Review: 'Nine Parchments' (Switch)

An in-game scene from 'Nine Parchments'. An in-game scene from 'Nine Parchments'. FROZENBYTE

Nine Parchments is the latest game from Frozenbyte, the independent developer best known for the Trine series that's currently on hiatus. I'm not the world's biggest ARPG player, since I stopped playing PC games for a long time around when Diablo II came out, but I did have fun with Heroes of Ruin when it came out on the 3DS, so I was hopeful for this game. Unfortunately, this game left me wanting, at least as a single-player experience.

The world of Nine Parchments is a magical one, literally. You play as one or more students from the Astral Academy, traveling the world to try and retrieve the nine magical parchments that were lost after an explosion. And if these parchments happen to contain spells that can make you a more powerful sorcerer, that's all the better for you, isn't it? There isn't much in the way of story, but it's not really a big deal, as the game is very heavily focused on gameplay.

The controls and gameplay mechanics are actually pretty slick and refined, all things considered. The game plays a lot like a twin-stick shooter; the left control stick moves your character, and the right control stick aims your spell. You start off with a handful of offensive spells belonging to various elements, but as you progress through the game and obtain more of the missing parchments, you'll have your choice of new spells to acquire, making you more robust and powerful. You'll also gain experience as you play, causing you to level up and give you ability points to spend on new abilities or powerups.

The gameplay is basically all combat. As you travel through the world, you'll end up in one enemy encounter after another, with a horde of baddies chasing after you, trying to shoot you with their own spells or mow you down physically. You'll have to do a lot of weapon switching in order to take your enemies down; each spell has a separate usage meter and cooldown, so you'll quickly learn to switch to another spell to let the previous one recharge. This can get annoying if enemies have certain elemental resistances, though, as you'll sometimes be stuck with no great way of dealing damage while you wait for a spell to become usable again. It's not that big a deal, though, and it's a good way to keep the battles kinetic while keeping the player on their toes. You're also aided by a Blink spell, which lets you do a short-distance teleport to get out of danger, a spell I was forgetting about on a near-constant basis.

The gameplay mechanics are really solid, which is great. I never felt that I had to wrestle with the controls, or felt unable to do something I particularly wanted to do; I did fall off of ledges once or twice due to my own idiocy, and I feel that an instant death is a bit of a harsh punishment for that, but oh well. The biggest problem with this game, at least in single player, is that it becomes really repetitive really fast. There's nothing to this game but enemy encounters and the occasional boss, aside from trying to hide the five hidden quills in each level. These encounters get more difficult as the game goes on, but they don't get very deeply strategic, and eventually they all start to feel the same. Once you hit that point, the game starts to become a real slog. It's really unfortunate, because the game is built really well; the lack of variety just completely sapped my will to play it, turning it into a chore. You'll notice my review of this game is a lot shorter than many others I've written, which is just another indication of how little you have to do here.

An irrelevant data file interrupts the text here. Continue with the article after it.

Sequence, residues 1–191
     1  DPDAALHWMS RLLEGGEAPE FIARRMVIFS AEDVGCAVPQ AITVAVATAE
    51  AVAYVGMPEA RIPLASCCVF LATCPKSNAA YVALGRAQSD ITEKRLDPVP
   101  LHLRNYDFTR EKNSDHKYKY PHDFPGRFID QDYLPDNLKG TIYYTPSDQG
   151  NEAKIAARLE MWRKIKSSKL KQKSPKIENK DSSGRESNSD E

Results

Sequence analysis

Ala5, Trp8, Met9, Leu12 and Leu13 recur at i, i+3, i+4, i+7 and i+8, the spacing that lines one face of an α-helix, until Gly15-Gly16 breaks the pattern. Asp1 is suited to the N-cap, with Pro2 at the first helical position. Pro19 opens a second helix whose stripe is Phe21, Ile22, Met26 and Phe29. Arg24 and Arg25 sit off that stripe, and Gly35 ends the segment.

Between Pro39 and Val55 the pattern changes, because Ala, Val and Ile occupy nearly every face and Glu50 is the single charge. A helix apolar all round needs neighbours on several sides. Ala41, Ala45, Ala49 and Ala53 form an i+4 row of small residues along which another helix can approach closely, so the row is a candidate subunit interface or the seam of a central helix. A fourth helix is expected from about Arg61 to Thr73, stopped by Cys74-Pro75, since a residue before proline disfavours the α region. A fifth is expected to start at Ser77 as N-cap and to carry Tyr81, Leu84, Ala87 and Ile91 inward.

The main draw of the game is playing it in multiplayer, which I wish I had more time to try out. The game is clearly designed around it, as there are multiplayer-only mechanics like combining spells and resurrecting teammates that bring an extra dimension of fun. There are even options where you can adjust the friendly fire to make the game more or less chaotic, depending on how much you want to hate your friends after you play. This is definitely a more enjoyable experience, but unfortunately I had to play most of the game alone, which doesn't even remotely compare.

The game isn't lacking in other areas, either. Graphically it looks very nice; it's not cel-shaded but the world still has a bit of a cartoony feel to it, especially with the characters and enemies. The environments are all pretty and colorful, though you go through several levels that all look the same before moving onto a new location, which saps the enjoyment somewhat. Musically, the game is fine, as many games are; there's nothing wrong with the music, and it matches the environments well, but it's nothing that will stick with you for a long time, which is a rarer and rarer feat these days. Playing through the main campaign, you'll gradually unlock more characters, hats and staves, but they rarely come and they're not a very exciting draw. I wouldn't keep playing this game through just to unlock everything I can.

I really wanted to like this game more than I did, since the developers really did a lot of things right and paid attention to the details. Unfortunately, if you're the only person playing this game, there really isn't that much to do here. I can see a Nine Parchments II having a more robust story mode that I would have an absolute blast with. As it stands, I would solidly recommend this game if you have some friends to play it with, and you don't mind getting into arguments every once in a while. If you want a single-player experience, though, there are much better things for you to try out on the Switch.

Final Score: 7 out of 10

A copy of this game was provided for the purpose of review.

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